• Picketing the private nursing home in a leafy London suburb where Pinochet sought sanctuary whilst fighting extradition.

And now, on his death, we have the same old arguments again put forward in Pinochet’s defence:

• He was simply a loyal soldier
But the role of the military in Chile has always been in the streets against their own people, not on the battlefield.

• He was a patriot
So much so, that he embezzled something like $28 million. Like Al Capone, it was the tax dodging that caught up with him.

• He was the saviour of his country from communism.
The US might not have like the fact that Allende was a socialist, but (inconveniently) he was democratically elected.

The only honest defence that can be made for Pinochet is “he may be a bastard but at least he’s our bastard”. This of course may be sufficient for his former allies in the US and UK but not for the 35,000 victims of his regime.

Wednesday 6 December 2006

Keep it simple - my favourite things.

I like simple things. I don't like clutter. And less is definitely more.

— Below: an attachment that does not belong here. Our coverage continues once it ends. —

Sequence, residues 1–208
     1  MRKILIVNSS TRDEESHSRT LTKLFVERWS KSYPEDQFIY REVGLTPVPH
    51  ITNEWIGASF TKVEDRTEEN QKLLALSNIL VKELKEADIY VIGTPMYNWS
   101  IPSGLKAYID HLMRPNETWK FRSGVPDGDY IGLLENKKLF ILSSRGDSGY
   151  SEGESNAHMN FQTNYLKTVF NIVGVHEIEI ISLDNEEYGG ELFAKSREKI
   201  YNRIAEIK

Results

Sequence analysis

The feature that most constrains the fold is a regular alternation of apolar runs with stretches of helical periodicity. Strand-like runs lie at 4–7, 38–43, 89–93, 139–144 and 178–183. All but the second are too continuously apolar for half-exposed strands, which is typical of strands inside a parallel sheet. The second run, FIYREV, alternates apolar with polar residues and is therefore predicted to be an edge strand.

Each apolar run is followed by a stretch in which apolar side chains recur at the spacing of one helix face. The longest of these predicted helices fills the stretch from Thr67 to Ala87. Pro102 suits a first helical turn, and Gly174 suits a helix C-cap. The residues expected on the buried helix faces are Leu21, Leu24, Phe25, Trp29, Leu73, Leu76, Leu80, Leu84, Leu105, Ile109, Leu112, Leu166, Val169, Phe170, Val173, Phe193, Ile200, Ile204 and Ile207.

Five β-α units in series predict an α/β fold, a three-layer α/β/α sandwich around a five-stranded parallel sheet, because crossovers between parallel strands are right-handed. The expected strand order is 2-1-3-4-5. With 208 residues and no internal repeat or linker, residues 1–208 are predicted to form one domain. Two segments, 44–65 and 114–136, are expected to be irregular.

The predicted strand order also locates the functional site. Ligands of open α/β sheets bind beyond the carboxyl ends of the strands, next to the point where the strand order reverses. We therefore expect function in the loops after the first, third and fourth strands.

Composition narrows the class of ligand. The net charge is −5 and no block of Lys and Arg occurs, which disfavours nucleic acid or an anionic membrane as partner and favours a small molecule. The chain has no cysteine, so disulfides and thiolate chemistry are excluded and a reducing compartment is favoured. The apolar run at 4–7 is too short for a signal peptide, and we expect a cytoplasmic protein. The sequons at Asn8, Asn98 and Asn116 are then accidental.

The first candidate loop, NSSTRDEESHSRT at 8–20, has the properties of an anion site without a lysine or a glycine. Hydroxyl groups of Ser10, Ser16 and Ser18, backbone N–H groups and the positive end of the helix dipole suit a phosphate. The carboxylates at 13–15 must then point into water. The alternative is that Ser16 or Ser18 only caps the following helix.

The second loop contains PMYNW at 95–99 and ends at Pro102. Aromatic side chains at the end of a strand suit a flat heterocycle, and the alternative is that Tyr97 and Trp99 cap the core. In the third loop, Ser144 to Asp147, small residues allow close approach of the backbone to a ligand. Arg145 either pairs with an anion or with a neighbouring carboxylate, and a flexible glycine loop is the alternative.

So here are a few random simple things that I enjoy:

Wing Chun - of all the martial arts it has the shortest syllabus and smallest range of techniques. What it does have is simple and direct. But it will take a lifetime of study to really understand it - there is more than enough to both fascinate and infuriate.

Harley Davidsons - primitive, big clunky engineering. I don't do the chrome and tassles thing. Bikes should be raw and stripped down - if it doesn't help you stop or go, then get rid of it.

• BB King - classic blues with maybe four bar structure, three cords and lead breaks with a standard blues scale. He says he doesn't play guitar and sing at the same time because he gets confused.

• Steve Earle - country music at its best, nothing that can't be played with one accoustic guitar, but has the ability to get the hairs at the back of your neck going. Check out 'Goodbye' if you don't believe me.

Ernest Hemingway - not a word wasted. No lengthy descriptions of scene or character, narrative and dialogue do it all. And if you haven't lived it, don't write it.

Kleftiko - Greek roasted lamb in olive oil, garlic and rosemary, serve with Greek salad and roasted potatoes.